UNESCO-CISAC ResiliArt debate: in Africa, copyright in the digital world is key for the post-COVID creative sector (anglais uniquement)
The creative sector in Africa is being hit hard by the pandemic, highlighting the need for strong rights protection for creators and showing the opportunities presented by the explosion of digital channels. These were the dominant themes of the third virtual ResiliArt debate organised by UNESCO and CISAC on September 30. The debate was organised within the framework of the Africa Copyright and Collective Management day and rallied an audience from around the world.
The debate brought together African creators and policymakers and focused on measures to strengthen and ensure the sustainability of the continent’s copyright ecosystem as it struggles to survive the impact of the COVID-19 crisis. CISAC Vice-President, Yvonne Chaka Chaka led calls for stronger protection of creators as COVID-19 accelerates the region’s transition to digital.
The ResiliArt debate was launched in April by UNESCO and CISAC to bring to light the far-reaching impact of the COVID-19 crisis on the cultural and creative sector, help shape targeted policies and solutions by governments and support societies’ lobbying efforts at the national level. Over 160 ResiliArt debates have been organised in 65 countries. 30% of these debates have taken place in Africa.
H.E. Abraão Vicente, Minister of Arts and Creative Industries Cape Verde
Vusumuzi Mkhize, Director General of the South African Departmental of Sports, Arts and Culture
Yvonne Chaka Chaka, singer-songwriter, and Vice-President of CISAC
Eino-John Max, President of the CISAC African Committee and CEO of the Namibian Society of Composer and Authors of Music (NASCAM)
Kenny Saint Brown, Nigerian music author and composer
Yvan Buravan, Rwandan author and music composer and RF1 Prix Decouverte winner 2018
The debate was moderated by Nothando Migogo, an expert in copyright collective management and Culture and Creative Industries. Björn Ulvaeus, President of CISAC and Ernesto Ottone, UNESCO Assistant Director-General for Culture, gave opening remarks.
Björn Ulvaeus, drew attention to the resilience, entrepreneurship and solidarity of the creative industry which has kept the sector afloat. Creators and creative industries depend on copyright to survive. Policy makers in Africa and elsewhere need to create copyright friendly policies that promote fair remuneration of creators and ensure their survival. The CISAC President said: "Understanding the value of culture & the deep injustices facing creators in getting fairly remunerated, has always been important. Today, COVID-19 has exacerbated those injustices, it is a critical issue"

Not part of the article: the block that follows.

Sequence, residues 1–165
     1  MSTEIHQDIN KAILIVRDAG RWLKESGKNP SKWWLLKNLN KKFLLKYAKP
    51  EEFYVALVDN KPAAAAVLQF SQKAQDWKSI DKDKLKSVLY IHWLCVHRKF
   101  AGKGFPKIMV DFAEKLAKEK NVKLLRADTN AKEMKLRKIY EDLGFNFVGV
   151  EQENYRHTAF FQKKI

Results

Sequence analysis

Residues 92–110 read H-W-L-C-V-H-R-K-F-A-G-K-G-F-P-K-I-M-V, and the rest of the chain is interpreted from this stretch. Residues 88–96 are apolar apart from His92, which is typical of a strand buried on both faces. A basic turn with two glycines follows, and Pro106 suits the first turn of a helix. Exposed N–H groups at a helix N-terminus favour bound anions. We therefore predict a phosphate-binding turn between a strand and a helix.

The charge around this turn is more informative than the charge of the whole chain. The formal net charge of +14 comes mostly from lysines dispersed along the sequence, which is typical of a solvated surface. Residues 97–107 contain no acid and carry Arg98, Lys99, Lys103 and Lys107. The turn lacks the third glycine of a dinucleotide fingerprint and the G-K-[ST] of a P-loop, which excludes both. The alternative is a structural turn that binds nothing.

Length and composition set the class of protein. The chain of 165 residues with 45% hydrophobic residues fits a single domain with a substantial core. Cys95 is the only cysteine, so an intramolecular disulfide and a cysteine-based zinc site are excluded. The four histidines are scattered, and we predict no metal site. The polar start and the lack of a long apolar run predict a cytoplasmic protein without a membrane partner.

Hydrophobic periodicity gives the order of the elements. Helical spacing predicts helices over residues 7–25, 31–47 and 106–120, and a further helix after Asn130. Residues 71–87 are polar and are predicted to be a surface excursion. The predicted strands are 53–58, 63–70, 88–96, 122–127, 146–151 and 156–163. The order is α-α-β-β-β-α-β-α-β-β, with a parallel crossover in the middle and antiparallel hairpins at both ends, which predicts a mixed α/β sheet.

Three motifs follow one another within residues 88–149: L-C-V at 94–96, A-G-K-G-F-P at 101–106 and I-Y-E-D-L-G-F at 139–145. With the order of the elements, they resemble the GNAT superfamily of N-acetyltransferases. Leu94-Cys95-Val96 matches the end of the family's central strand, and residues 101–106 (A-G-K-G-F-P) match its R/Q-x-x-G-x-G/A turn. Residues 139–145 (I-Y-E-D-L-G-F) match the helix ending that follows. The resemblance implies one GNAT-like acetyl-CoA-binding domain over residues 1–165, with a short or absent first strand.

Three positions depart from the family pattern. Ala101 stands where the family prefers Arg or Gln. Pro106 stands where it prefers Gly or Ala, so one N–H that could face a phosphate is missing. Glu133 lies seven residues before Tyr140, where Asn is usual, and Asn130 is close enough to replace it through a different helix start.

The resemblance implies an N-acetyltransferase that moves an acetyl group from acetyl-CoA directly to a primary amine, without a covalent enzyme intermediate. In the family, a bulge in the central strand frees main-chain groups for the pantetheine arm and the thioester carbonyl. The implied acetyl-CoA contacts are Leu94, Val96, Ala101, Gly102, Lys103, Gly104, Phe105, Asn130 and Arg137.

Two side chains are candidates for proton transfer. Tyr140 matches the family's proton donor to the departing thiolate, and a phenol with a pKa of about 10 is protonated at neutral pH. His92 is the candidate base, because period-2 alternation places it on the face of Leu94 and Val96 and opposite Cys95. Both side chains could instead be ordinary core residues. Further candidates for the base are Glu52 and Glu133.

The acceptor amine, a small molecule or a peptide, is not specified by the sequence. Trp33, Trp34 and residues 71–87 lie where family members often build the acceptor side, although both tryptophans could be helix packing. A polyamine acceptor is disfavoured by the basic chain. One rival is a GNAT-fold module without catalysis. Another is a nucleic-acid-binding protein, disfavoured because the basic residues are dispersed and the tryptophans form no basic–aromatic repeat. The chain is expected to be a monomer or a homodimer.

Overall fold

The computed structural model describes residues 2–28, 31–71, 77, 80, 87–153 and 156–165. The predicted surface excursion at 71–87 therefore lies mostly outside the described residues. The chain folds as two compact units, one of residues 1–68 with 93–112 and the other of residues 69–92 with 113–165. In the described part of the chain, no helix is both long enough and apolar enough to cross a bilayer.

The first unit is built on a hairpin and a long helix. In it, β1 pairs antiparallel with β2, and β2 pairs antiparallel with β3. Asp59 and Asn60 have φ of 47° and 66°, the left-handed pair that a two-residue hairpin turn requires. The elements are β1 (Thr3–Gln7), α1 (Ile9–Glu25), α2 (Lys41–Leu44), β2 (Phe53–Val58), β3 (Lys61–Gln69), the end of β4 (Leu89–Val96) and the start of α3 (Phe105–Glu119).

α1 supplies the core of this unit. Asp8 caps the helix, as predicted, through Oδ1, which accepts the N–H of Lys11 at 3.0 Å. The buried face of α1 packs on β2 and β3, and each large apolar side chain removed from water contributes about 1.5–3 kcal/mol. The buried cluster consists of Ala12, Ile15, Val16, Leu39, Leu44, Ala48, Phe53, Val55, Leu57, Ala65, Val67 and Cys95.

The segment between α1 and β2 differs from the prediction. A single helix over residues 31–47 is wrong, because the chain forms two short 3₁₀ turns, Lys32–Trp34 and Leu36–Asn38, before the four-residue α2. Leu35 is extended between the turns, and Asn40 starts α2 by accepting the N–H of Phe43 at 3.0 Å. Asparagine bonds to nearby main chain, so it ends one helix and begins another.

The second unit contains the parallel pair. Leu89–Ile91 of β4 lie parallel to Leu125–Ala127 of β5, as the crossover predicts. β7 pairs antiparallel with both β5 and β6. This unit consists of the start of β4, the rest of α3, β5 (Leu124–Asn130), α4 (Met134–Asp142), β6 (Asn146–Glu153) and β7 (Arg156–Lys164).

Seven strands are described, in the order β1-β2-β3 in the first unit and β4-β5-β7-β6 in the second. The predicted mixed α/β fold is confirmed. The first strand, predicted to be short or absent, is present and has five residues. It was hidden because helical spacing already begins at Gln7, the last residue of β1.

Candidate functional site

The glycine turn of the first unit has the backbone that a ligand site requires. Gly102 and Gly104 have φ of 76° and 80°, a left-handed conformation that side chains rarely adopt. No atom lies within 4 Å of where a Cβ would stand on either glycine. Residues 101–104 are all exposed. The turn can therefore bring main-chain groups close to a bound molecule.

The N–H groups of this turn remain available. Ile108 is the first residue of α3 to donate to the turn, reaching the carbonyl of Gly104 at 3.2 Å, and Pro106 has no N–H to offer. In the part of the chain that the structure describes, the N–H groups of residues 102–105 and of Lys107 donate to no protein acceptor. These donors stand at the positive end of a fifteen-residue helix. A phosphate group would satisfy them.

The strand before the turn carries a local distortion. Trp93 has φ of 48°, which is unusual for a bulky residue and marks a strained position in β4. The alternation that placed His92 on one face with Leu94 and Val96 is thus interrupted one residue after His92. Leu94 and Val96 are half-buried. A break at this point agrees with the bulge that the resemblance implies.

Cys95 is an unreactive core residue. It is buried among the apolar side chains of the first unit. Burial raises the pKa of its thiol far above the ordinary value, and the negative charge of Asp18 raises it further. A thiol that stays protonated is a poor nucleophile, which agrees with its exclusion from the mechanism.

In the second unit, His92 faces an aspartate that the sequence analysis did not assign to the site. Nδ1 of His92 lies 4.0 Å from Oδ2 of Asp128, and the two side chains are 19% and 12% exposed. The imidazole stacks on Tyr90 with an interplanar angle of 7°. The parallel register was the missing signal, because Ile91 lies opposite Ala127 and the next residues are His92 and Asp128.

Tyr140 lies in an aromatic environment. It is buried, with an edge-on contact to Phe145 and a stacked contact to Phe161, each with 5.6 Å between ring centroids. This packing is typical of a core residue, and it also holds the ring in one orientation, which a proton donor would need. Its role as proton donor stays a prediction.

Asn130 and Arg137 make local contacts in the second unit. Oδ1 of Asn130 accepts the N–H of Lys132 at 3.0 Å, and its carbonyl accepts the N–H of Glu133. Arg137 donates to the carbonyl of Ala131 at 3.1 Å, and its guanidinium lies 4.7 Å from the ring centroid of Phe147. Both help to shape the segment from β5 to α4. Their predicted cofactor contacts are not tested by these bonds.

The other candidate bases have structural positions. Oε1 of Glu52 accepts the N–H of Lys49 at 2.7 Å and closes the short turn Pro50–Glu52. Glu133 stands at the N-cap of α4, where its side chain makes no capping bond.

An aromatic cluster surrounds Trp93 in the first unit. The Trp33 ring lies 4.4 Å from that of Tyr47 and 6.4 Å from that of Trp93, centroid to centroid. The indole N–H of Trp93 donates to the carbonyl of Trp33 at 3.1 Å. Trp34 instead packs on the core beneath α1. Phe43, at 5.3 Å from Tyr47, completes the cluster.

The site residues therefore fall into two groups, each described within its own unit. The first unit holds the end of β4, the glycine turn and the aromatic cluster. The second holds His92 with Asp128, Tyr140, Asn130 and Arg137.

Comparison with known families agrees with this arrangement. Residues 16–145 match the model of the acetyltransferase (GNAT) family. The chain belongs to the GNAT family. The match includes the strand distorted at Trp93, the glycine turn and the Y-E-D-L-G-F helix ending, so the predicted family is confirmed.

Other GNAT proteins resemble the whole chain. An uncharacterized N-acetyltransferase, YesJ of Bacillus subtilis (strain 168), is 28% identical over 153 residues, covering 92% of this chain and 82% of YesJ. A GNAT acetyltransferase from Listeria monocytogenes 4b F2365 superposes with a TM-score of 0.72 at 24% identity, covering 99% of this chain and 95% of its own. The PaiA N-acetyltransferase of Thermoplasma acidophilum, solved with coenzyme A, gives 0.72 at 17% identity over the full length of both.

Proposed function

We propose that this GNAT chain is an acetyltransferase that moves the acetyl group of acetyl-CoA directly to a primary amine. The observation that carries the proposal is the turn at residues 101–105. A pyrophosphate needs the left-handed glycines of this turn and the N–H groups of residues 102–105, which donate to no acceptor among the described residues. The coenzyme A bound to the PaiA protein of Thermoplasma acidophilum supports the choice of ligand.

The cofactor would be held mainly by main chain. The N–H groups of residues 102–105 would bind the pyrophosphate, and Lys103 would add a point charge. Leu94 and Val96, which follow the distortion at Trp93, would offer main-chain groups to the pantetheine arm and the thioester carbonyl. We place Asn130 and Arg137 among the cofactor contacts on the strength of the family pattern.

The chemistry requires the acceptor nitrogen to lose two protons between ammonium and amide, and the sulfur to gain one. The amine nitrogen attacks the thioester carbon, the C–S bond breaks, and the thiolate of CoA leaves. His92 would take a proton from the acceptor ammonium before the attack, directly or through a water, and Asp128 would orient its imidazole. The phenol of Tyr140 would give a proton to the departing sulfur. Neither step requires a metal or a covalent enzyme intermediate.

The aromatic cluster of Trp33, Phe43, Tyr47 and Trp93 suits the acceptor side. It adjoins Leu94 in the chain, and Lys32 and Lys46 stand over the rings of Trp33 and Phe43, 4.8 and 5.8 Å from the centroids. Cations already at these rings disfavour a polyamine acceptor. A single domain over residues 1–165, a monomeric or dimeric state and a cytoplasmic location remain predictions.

Ernesto Ottone highlighted the Impact of social distancing and lockdown measures in Africa on copyright collections. The drop in ticket sales and advertising revenues have significantly reduced African creators’ income and pose an even bigger threat to their economic future. African CMOs have worked to ensure the sector remains resilient and the UNESCO-CISAC ResiliArt debate offers them, and the African creative community as a whole, a platform that guarantees their voices are heard when copyright regulations are revised to ensure that they remain relevant. UNESCO is also committed to improving the rights and status of African artists and to “engaging its member states to strengthen the copyright ecosystem especially taking into account the rise of digital technologies and their impact on the creative sector.”
Effects of the pandemic
Panellists reported on the current dire situation of the African creative industry caused by the pandemic. Cancellation of events, live concerts and closing of cinemas for example, have significantly reduced the revenue of African creators. Figures shared by Nothando Migogo show an estimated 40-90% loss in copyright collections in Africa, depending on the country. African CMOs deprived of resources have had to face bankruptcy, laying-off of staffs and in some cases, cessation of operations. Some African governments have proactively responded to mitigate the impact of the crisis through provision of emergency funds, collaborative actions with organisations, support of CMOs in ensuring the advancement of royalties, etc.